Wildlife photography is a doorway into a world of exotic animals and outdoor adventure, but it takes some effort to get there. When you learn the technical skills of photography—not only the capabilities of your equipment but also the photographic elements of composition and lighting—you’ll be on the way to capturing the best wildlife shots that you can. And while you may not be embarking on a life of jet-setting photography just yet, here are some guidelines and pointers that will help you on your way.
1 Study composition techniques. When photographing wildlife, the subject’s space, eye level and image orientation are very important. Most photographers take pictures while standing because it’s a natural position. However, most wildlife subjects are smaller or shorter than humans, so you look down on your subject. This angle makes it difficult for the viewer to relate to the animal. Get down at eye level with your subject to create strong images that put the viewer in direct eye contact with the animal.
Watch the space around an animal, as well. If the animal is positioned closely to the side of the frame and is staring off the edge, then the picture may have an unbalanced feel. Allow "looking space"—enough room for the creature to breathe in an image.
Animals will come in all shapes and sizes, so let their structure dictate horizontal or vertical composition. When birds, for instance, have long feathers for a tail, a horizontal shot may cut the tail off, giving the image an unnatural "clipped" perception. A vertical shot that includes the entire animal would be more appropriate.
2 Check your backgrounds. Animals slither, perch, sit or stand right where it’s most inconvenient—with that stick in front of them or where a washed out sky or bright leaves will destroy an otherwise great image. Check your background when you set up, and make sure it’s clean, simple and allows the viewer to focus on the animal.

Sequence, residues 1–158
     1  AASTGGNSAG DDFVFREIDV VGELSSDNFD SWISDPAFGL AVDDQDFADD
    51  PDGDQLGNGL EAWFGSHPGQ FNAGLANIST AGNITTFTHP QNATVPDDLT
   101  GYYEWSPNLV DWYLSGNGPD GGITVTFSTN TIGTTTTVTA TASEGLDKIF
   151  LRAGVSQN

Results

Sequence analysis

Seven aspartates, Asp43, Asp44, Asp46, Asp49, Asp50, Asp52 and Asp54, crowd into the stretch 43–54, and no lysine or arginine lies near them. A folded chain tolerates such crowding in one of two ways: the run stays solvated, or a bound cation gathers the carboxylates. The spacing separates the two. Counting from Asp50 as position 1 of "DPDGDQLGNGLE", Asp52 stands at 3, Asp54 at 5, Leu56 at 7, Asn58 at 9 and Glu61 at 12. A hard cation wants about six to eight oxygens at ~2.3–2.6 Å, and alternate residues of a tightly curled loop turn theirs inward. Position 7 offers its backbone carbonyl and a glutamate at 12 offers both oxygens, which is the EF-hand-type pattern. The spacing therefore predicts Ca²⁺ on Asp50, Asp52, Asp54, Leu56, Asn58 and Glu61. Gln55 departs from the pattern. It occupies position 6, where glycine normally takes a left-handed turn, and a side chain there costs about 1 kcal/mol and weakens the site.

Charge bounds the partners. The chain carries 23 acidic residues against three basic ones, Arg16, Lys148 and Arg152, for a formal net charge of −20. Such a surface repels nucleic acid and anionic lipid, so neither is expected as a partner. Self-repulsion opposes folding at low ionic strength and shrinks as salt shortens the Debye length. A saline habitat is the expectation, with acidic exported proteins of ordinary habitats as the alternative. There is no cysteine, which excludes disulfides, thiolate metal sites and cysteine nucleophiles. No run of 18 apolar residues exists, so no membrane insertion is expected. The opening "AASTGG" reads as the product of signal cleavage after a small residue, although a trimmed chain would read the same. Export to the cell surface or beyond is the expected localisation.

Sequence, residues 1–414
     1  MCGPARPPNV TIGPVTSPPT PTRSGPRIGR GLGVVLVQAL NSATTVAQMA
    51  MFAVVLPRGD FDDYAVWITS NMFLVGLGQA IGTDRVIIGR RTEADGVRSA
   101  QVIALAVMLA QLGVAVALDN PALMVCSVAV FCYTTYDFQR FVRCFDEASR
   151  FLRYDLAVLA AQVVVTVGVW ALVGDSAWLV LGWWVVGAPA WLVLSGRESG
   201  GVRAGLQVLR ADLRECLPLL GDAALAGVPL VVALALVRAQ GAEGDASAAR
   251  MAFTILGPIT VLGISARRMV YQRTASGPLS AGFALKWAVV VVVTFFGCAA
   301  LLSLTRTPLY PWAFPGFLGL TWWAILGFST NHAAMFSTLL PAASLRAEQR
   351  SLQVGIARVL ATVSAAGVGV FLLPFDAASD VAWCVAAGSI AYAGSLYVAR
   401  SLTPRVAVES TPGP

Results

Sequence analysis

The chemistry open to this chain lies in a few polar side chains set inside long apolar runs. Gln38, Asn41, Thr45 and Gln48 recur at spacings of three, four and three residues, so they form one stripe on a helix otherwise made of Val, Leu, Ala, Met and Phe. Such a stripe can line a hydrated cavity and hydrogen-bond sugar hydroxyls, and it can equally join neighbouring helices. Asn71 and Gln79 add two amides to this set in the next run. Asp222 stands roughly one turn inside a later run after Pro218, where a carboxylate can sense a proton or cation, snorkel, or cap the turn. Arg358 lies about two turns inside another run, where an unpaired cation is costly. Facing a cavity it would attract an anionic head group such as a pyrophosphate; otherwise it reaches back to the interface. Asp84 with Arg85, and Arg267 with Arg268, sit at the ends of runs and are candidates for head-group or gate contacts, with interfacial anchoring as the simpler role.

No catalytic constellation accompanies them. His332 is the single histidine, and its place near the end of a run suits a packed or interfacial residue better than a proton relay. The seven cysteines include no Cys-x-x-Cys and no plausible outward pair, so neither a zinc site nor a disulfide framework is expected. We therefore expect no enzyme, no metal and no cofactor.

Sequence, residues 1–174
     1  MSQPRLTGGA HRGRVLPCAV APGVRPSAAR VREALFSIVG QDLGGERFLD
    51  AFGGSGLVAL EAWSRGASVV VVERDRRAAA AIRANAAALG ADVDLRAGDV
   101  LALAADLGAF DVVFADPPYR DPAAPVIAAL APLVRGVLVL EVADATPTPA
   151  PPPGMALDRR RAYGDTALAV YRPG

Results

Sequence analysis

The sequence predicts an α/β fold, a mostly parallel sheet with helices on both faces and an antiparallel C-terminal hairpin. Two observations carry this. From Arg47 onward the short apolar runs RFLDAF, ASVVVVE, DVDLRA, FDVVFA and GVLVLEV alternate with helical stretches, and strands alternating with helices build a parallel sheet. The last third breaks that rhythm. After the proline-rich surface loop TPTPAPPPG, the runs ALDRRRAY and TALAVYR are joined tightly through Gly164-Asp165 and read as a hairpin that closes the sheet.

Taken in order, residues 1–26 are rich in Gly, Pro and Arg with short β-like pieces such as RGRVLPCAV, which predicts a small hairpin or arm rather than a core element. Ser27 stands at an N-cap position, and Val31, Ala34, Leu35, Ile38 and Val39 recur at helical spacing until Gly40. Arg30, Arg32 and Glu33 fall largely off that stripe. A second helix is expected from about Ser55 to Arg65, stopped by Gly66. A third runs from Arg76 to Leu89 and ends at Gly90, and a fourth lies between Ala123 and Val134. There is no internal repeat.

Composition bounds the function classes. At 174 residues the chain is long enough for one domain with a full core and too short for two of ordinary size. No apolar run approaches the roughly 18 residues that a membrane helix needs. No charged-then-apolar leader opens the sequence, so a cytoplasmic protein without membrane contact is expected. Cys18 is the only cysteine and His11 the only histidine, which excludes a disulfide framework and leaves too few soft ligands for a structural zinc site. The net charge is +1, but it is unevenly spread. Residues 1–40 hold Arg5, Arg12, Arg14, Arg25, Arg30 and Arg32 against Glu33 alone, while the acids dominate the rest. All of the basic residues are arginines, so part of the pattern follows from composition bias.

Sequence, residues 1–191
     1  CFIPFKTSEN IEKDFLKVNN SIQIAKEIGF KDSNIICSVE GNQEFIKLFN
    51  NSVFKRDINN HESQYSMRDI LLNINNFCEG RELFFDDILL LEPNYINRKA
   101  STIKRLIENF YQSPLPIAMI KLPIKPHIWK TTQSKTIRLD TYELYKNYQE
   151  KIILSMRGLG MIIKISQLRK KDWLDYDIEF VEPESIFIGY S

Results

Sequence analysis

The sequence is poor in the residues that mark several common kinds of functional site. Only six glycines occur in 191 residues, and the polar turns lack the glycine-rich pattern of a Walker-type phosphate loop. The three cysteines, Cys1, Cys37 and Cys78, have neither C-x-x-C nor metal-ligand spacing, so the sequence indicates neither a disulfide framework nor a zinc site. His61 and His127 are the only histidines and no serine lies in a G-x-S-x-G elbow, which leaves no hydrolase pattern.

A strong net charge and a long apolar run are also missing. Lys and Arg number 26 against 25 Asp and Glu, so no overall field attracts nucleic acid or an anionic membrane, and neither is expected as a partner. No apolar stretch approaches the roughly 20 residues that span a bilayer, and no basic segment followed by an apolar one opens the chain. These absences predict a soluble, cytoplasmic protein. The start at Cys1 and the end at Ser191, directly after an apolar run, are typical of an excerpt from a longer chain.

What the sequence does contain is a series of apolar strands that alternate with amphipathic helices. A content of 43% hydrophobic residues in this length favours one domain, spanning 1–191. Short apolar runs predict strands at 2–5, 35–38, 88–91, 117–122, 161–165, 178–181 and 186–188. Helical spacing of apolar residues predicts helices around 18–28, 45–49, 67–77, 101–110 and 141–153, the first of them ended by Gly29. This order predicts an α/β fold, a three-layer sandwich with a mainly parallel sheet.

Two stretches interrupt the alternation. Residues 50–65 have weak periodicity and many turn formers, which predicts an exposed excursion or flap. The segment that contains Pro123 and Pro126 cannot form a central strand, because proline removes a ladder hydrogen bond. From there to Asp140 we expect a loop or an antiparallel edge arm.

Sometimes you need to move to get the animal against a more attractive background. If your background is lousy, no matter what your subject, the image will be lousy. Don’t rely on Photoshop; move and make it right to begin with.
3 Become knowledgeable about your subject and learn patience.
There are all kinds of ways to gather information about wildlife. Internet searches, biologists and rangers at wildlife refuges, other wildlife photographers, libraries and bookstores are all potential sources.
Keep in mind that wild animals seldom do what you want, when you want. So you need to develop patience to capture those special moments. For example, following butterflies and moths with your camera can be frustrating. You’ll get many partial butterfly images as they take wing just as you press the trigger. Patience! Approach your subject slowly and stay at or below eye level. Use a telephoto macro lens for greater working distance when photographing small animals, and fill-flash for greater depth of field.
4 Know your equipment. After sitting in your blind for hours, a peregrine falcon flies by and you have only seconds to frame and shoot. It’s a great photo opportunity, but do you have the right lens to capture the image? Does your memory card have space?
Be prepared. Wildlife action lasts only seconds. That’s not the time to check your manual for camera settings or to dig through your camera bag for the right lens or a memory card. Read your equipment manuals, become familiar with all your equipment and know where it is in your camera bag before you get into that blind. Pack your camera bag the same way every time and know where each piece of equipment is located.
5 Pay attention to the environment, even in portraits. Pay attention to the environment, even in portraits. Most people want frame fillers of wild animals. But images that show the animal’s environment are often more stunning and give the animala sense of place. You can use shorter lenses and immerse yourself in wildlife photography without the need for those expensive super-telephoto lenses when you start out.